Apart from his contributions to shipbreaking, Capt. Sundaresan was a respected Marine Barrister who practiced for various P & I Clubs in London. He developed expertise in marine law from a young age and played a pivotal role in facilitating the documentation for the sale and purchase of ships meant for scrap, now known as Memorandum of Agreement (M.O.A. – for Demolition Tonnage). He also served as an arbitrator in marine disputes. Additionally, Capt. Sundaresan worked as a Port Officer in Bhavnagar in 1968 and served as a Nautical Advisor to the Gujarat Government. His involvement was instrumental in the formation of the Gujarat Maritime Board.

During those times, Bhavnagar was a quiet town with limited shipbreaking activities. However, a significant event occurred in the late 1970s when a ship drifted uncontrollably towards Gopnath Point and ran aground. The shipowners decided to abandon the grounded vessel due to the high salvage cost. Capt. Sundaresan recognized the potential for shipbreaking at the grounding location, leading him to explore the coastal areas around Gopnath Point and the possibilities of establishing a regular port and shipbreaking site near port Alfred Victor.

How Alang has been invented?

In 1980, while beaching the ship M.V. “LEMPA” of Mansoor Taherbhai at Sachchana near Jamnagar, the ship beached far from the shore, prompting a debate about finding better beaching solutions for shipbreaking. Capt. Sundaresan suggested a stretch of land between Bhavnagar and Alfred Victor port as a perfect location with better facilities. The next day, while inspecting the Alang Lighthouse, Capt. Sundaresan noticed the feasibility of the shore, despite the undergrowth on the beachfront. He identified three potential sites, including the area north of Alfred Victor port, another further north, and one at Alang, where he saw definitive advantages such as a large tidal variation, a long coastline, and suitable gradients.

Visiting Alang village and the Alang Lighthouse, Capt. Sundaresan would make meticulous observations about the seashore, noting tidal conditions, current speed, wind speeds and directions, and potential hindrances caused by storms and monsoonal disturbances. Despite the lack of accurate data, he relied on his extensive experience and nautical knowledge to assess how far the sea would recede during low tides and how close it would come to the shore during high tides.

First ship kissed at Alang shore

The first ship, M.V. “KOTA TENJONG,” was ordered to anchor off Gopnath Point, but the master of the ship decided to anchor off Alang Lighthouse and subsequently beach the vessel on February 13, 1983, despite doubts and concerns.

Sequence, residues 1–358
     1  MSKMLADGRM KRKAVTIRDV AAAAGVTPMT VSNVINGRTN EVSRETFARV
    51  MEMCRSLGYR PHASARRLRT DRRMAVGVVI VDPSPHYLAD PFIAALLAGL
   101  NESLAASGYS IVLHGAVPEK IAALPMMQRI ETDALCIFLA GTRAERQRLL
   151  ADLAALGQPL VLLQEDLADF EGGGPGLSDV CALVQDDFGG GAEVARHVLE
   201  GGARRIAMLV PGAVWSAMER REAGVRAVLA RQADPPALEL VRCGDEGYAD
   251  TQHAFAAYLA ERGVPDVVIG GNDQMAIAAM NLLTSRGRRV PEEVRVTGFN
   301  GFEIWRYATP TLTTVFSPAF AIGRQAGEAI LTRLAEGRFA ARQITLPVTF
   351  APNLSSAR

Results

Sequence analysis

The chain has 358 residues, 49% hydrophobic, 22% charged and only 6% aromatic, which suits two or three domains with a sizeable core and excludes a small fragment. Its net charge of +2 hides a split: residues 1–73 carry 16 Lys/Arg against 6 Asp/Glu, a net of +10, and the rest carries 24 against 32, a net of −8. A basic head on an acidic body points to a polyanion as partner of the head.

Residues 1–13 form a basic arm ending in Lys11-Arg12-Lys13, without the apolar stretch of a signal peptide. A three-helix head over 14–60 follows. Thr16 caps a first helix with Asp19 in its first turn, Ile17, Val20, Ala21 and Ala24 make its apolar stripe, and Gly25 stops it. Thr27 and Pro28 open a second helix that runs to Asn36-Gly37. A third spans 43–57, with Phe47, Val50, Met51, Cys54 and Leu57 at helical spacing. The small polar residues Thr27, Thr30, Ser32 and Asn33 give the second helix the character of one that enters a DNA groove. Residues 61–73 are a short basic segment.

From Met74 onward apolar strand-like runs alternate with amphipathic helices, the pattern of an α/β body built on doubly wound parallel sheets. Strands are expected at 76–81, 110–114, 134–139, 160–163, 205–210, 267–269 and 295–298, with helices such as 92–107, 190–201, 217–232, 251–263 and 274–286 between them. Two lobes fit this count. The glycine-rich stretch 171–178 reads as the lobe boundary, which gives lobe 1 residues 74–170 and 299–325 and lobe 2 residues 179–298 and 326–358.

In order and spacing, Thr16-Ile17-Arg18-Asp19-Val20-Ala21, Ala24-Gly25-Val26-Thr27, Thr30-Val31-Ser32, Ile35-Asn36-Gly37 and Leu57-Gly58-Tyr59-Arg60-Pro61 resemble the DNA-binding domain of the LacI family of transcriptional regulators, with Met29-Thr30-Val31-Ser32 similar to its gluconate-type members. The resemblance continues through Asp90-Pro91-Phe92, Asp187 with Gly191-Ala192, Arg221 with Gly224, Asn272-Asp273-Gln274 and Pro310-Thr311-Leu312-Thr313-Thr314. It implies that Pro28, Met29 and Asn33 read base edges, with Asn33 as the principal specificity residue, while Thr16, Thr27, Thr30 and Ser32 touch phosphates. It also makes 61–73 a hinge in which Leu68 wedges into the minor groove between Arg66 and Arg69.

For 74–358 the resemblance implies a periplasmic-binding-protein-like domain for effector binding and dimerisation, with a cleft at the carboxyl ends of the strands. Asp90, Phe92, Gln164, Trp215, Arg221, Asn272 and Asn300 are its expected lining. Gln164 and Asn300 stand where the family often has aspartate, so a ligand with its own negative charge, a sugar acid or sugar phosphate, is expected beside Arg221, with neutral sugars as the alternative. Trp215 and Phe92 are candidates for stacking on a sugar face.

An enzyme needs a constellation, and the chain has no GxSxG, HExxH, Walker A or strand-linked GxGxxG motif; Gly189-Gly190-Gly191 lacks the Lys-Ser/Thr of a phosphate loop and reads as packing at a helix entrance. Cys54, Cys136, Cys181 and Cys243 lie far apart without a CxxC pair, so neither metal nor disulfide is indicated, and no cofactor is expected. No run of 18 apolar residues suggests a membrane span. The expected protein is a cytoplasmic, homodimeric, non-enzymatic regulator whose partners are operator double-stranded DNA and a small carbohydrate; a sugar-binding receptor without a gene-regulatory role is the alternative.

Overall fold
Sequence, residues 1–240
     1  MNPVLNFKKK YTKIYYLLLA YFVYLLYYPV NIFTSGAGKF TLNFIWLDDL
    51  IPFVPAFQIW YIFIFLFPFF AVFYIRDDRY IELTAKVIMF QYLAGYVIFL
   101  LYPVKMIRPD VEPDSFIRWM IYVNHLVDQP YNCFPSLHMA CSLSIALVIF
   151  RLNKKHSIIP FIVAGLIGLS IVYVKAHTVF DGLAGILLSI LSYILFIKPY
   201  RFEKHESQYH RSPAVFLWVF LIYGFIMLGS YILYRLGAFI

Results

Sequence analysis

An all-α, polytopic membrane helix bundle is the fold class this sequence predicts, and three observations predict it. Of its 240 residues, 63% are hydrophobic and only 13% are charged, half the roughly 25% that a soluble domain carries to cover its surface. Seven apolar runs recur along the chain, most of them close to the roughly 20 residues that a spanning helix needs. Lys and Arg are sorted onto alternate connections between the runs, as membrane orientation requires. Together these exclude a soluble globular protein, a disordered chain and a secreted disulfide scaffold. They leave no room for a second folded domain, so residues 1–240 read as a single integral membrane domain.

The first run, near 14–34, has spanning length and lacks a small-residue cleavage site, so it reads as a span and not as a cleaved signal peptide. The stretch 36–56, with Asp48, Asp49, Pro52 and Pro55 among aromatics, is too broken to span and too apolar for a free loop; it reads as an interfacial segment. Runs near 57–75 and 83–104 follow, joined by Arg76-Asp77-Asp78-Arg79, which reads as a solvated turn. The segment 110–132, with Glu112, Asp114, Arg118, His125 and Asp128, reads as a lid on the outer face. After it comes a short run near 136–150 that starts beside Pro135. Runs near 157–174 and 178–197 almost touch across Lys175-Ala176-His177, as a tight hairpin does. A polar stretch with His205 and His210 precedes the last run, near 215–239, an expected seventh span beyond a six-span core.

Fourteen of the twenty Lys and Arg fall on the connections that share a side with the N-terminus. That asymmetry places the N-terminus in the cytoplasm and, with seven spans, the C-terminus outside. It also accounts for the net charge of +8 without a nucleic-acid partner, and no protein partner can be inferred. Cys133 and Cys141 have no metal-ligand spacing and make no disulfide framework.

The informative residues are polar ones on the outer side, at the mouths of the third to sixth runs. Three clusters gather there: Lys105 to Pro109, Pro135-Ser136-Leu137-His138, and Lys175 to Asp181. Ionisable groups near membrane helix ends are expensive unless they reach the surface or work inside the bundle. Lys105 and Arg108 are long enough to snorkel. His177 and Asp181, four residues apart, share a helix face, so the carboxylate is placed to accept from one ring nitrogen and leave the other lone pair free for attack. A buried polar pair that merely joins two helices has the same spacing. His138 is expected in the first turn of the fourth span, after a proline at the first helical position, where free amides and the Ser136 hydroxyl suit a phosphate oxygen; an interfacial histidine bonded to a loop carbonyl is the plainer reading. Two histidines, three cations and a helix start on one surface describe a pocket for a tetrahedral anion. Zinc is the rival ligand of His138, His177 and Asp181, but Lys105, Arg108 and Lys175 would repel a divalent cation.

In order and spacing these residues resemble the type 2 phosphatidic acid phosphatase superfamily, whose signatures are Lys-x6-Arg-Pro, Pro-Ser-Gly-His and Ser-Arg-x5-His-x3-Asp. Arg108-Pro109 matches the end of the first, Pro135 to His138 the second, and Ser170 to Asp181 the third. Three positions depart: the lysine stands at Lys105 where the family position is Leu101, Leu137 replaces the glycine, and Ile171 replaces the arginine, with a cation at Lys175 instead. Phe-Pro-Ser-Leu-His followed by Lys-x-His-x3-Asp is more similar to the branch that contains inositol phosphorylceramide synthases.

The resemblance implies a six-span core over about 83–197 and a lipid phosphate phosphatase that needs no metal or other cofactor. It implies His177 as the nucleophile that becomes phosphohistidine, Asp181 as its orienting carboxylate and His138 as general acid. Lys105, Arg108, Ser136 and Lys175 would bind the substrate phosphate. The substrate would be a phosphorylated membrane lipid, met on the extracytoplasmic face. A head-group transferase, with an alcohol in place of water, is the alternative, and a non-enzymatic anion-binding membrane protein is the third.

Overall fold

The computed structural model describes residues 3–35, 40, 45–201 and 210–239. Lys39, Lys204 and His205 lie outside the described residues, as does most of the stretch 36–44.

Capt. N. Sundaresan’s relentless efforts, visionary outlook, and professional acumen played a crucial role in bringing the ship recycling industry to Gujarat and establishing Alang as a prominent shipbreaking site. His contributions and dreams have left a lasting impact on the industry, and his name will be remembered as the founder of the Alang Ship Recycling Yard, a testament to his vision and dedication.

How Alang adopted mordenization?

The Supreme Court banned import of hazardous and toxic waste identified under the BASEL Convention, which inspired the International Maritime Organisation to come up with global standards for ship recycling – The Hong Kong International Convention for Safe and Environmentally Sound Recycling of Ships, 2009. India ratified the Hong Kong International Convention only in November 2019, but most ship-breakers and the Alang industry had voluntarily complied with the norms by then.

“Today, out of the 132 operational yards here, 110 have complied with Hong Kong (Statement of Compliance) certifications, including multiple ISO certifications from global agencies like Class NK, IR Class, Llyod’s Register, Bureau Veritas and RINA,” says Komalkant Sharma, CMD, Leela Group of Companies, and one of the largest ship-breakers at Alang. Another 10 yards are in the process of getting the Hong Kong (Statement of Compliance) certifications (HKC) and the remaining are expected to comply by 2023-2024.

Leave A Comment

All fields marked with an asterisk (*) are required